MISO Thanks Its Veterans: A Closer Look at Their Military Experience

In four filled conference rooms on Veterans Day 2019, MISO employees gathered with over 35 self-identified MISO employee-veterans to honor them for their service to this country. The “MISO Thanks Its Veterans” event, held at Carmel, Eagan and Little Rock provided a great opportunity for the MISO employee-veterans to receive the thanks they so richly deserve.

John Bear spoke to the MISO employees about the significance of Veterans Day, as well as the historic beginnings of Veterans Day (Armistice Day). He shared with the MISO audiences that there are more than 19 million veterans in the U.S. with the majority of them being Vietnam War veterans. Bear also noted that many of the skills taught in the military are what employers look for in a potential employee (team-work, integrity, commitment and leadership, to name just a few), and they also reflect the MISO Core Values.

Bear led the MISO employees in a salutary round of applause to the employee-veterans for their service and to the MISO employees who are family members of veterans for their sacrifice and hard work while their loved ones serve in the military.

A Closer Look at Their Military Experience

When you think of the words “honor, strength, teamwork and valor”, what do you picture? Many of you likely picture a person in a military uniform. Five MISO employee-veterans shared information about their experiences in the U.S. military as part of the “MISO Thanks Its Veterans” Veterans Day celebration.  Here are their stories.

Can you imagine traveling to 21 countries in 21 years?  That was life for Scott Worth, (U.S. Marine Corps). Older relatives largely had set his future path, and Worth was looking for something challenging to do. So, he joined the Marines. The “brotherhood” of the Marines is important to Worth and he still gathers with his Marine friends, annually. “The #1 skill I learned in the Marines was leadership and the U.S. Marines Corps is premier in teaching leadership principles,” Worth noted. When asked if he would do it again, Worth did not hesitate to confirm that he would. He added, however, that the worst part of serving in the military is being away from your family.

The largest contingency of MISO employee-veterans served in the U.S. Navy, and one such person is Jason Gaylor.   After scoring 99% on his Armed Services Vocational Aptitude Battery (ASVAB), you can “bet your sweet bippie (“Laugh-In”) that Gaylor was heavily recruited by all the military branches. Gaylor joined the Navy “Nukes” where he served as a nuclear machinist mate. He helped build an aircraft carrier (USS Harry S Truman) and is a “plank owner.” A list of all the plank owners hangs in the Truman Room on this ship. “One of my fondest memories is being able to see the ocean and taking a giant ship out into the waters and running it very fast to do the max turn testing. It’s amazing that you can take something that big and make it go and turn so fast,” he added. Later, Gaylor landed a job at the largest nuclear power plant in the U.S. (Palo Verde) before joining MISO.

Being separated from family for extended periods-of-time is one of the hardships of being in the military, for family members as well. David Croy (U.S. Air Force) was drawn to the U.S. Air Force because of his interest in airplanes, with a goal to be an electrician. “I was deployed from the National Guard during 9/11 for one year in Louisville with the C130 airplane transport. We were at the ready to transport troops to their deployment zone,” Croy said. Fortunately, that trip did not have to occur. He was an electrician on the plane and served in active duty as a MP (Military Police). He has 22 years of experience in the military (some of that in the Guard and Reserves). Croy appreciates the teamwork and comradery and understanding the fundamentals of electricity that the U.S. Air Force provided to him.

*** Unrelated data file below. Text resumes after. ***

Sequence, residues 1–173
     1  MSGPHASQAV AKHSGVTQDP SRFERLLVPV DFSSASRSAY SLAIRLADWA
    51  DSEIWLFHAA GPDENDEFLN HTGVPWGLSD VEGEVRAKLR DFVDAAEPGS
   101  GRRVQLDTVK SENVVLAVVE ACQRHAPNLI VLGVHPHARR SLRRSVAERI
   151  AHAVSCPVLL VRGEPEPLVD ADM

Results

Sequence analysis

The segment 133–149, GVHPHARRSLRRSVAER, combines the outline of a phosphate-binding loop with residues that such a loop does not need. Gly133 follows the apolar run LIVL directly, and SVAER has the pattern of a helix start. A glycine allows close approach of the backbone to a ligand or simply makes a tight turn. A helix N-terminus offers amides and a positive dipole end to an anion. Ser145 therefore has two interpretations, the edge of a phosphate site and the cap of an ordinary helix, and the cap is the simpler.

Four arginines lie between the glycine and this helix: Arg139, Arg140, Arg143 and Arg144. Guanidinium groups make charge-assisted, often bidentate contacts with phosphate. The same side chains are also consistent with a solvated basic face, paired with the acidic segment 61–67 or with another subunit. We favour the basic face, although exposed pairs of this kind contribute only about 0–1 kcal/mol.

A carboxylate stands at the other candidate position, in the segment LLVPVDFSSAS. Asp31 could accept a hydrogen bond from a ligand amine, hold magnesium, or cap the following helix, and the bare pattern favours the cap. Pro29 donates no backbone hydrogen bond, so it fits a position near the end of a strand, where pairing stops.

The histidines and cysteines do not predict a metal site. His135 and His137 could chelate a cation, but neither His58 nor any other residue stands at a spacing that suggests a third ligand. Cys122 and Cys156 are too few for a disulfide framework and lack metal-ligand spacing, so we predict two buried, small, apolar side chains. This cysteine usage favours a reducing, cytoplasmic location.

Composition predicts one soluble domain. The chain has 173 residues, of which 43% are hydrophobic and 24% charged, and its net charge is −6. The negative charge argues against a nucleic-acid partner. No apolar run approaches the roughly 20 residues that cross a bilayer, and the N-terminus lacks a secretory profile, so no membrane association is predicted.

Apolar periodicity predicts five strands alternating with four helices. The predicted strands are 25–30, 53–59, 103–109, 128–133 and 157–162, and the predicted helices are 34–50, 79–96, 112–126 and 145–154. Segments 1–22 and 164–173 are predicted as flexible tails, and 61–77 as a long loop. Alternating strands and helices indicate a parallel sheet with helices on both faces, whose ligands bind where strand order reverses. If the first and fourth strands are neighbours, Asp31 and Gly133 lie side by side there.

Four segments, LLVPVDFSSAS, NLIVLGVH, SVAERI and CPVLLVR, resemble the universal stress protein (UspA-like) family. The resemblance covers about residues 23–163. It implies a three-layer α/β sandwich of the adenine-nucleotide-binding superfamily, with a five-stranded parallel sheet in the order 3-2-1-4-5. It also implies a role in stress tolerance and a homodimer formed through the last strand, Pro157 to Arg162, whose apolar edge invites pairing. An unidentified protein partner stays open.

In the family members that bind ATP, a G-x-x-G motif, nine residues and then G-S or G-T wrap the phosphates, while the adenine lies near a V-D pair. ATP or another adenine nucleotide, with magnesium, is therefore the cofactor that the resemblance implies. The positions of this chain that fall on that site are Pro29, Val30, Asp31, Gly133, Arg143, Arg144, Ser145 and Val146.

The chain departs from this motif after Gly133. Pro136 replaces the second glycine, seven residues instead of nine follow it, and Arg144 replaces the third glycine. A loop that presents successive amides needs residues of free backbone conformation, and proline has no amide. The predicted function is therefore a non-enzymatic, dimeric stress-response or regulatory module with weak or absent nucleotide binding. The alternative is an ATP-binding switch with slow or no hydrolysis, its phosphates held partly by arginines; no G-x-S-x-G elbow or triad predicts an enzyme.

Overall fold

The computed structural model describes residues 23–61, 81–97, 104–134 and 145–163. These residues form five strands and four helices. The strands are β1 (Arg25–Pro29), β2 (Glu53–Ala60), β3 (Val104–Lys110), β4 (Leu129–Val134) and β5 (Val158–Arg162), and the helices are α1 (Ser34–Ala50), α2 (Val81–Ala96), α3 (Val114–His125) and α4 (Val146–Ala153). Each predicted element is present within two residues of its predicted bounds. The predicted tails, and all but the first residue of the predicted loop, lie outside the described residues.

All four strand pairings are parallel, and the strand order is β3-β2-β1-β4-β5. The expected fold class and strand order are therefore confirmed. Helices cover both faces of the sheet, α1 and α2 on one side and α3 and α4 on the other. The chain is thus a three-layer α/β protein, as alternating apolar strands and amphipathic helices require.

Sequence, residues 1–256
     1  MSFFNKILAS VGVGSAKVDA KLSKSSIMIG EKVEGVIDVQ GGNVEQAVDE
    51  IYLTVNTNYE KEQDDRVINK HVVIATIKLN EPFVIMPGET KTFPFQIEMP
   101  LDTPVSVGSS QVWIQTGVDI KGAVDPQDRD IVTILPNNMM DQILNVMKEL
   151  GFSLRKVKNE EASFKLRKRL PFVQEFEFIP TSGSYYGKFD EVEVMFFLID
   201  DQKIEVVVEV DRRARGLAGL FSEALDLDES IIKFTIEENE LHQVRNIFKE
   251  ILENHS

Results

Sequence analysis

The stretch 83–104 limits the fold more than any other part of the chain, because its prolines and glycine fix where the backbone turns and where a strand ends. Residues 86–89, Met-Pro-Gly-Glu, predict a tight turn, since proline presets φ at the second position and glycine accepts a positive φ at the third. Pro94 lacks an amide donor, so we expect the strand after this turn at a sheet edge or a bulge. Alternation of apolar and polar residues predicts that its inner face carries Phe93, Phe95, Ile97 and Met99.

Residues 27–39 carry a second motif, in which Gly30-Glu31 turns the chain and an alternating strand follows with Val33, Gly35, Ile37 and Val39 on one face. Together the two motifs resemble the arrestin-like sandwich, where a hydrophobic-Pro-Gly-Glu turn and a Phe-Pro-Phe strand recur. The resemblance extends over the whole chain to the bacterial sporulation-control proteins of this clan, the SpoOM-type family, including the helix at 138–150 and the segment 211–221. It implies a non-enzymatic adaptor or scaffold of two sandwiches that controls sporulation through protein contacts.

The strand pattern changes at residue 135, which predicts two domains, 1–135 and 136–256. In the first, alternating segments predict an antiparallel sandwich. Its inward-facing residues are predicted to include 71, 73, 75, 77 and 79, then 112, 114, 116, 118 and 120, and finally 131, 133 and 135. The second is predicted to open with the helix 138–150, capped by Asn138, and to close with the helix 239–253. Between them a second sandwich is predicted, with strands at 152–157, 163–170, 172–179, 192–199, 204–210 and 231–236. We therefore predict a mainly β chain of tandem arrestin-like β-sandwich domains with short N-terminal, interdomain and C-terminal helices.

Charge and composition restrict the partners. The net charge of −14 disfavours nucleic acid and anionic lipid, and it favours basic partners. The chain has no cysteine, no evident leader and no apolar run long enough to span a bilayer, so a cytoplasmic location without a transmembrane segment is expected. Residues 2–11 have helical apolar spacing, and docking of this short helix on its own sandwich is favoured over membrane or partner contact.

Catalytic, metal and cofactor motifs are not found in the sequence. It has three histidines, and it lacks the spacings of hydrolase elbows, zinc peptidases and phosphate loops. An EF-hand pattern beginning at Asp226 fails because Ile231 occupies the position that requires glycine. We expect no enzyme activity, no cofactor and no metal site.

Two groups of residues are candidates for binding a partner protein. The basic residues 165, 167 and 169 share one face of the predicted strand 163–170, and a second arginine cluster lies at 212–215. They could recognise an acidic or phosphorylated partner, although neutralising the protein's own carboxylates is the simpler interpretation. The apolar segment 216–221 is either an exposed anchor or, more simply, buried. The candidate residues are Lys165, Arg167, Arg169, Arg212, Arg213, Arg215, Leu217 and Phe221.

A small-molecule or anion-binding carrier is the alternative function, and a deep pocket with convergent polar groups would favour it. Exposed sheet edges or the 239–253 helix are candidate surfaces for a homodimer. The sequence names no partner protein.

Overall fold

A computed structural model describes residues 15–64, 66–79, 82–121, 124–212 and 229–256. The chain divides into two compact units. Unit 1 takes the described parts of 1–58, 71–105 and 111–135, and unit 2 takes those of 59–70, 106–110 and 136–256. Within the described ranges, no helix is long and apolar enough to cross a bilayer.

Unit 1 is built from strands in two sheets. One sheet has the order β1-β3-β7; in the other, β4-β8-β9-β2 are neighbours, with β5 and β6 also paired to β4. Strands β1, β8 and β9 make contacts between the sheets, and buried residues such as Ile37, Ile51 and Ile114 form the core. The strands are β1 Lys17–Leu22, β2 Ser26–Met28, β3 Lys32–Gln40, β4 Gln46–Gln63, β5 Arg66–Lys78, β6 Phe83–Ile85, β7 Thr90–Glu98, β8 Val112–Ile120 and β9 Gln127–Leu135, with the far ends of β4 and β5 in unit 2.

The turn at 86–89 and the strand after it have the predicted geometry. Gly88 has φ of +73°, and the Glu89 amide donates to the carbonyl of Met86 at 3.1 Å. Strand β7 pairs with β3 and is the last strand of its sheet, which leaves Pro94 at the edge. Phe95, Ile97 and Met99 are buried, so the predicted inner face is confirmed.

Michelle Lake (U.S. Army National Guard), served eight years in the Guard, beginning in several cities in the Midwest. Then, she was deployed to Saudi Arabia and assigned to set up the functions of a postal company for all the military personnel in the area. During one period, Lake was near the Iraqi border. “I still can remember the SCUD missiles as they streaked across the sky. It was such a powerful image,” she said. Another powerful image was standing in the chow line where the military personnel could only eat the food that was offered. “There were several cans of food, but what I remember most were the orange eggs. I ate them, and, surprisingly, they tasted fine,” she added. Lake believes that the military was a good experience for her as she was able to do what she was trained to do. Moreover, like many others, she remains close friends with those who served with her.

Joining the U.S. Army just as the Vietnam War was winding down and before the beginning of Operation Desert Storm, Mike May spent seven years in the U.S. Army where he learned Morse Code and attended radio operator school. “Unfortunately, what I wanted for a job and what I got are greatly different, and I didn’t use Morse Code until I was assigned to my final unit five years later,” May said. On the flip side, one of May’s fondest memories was being deployed to Greece for one year. He does not have any “worst” memories. According to May, adaptability was the #1 skill he learned while in the U.S. Army. “They train you, then something happens, then you adapt,” May said. “The Army also taught us how to deal with different personalities and how to achieve consensus,” he added.

It’s interesting to hear these stories and see how the U.S. military helped to shape these five MISO employee-veterans. They and their employee-veteran colleagues have been able to bring these skills and training to help MISO achieve its vision.

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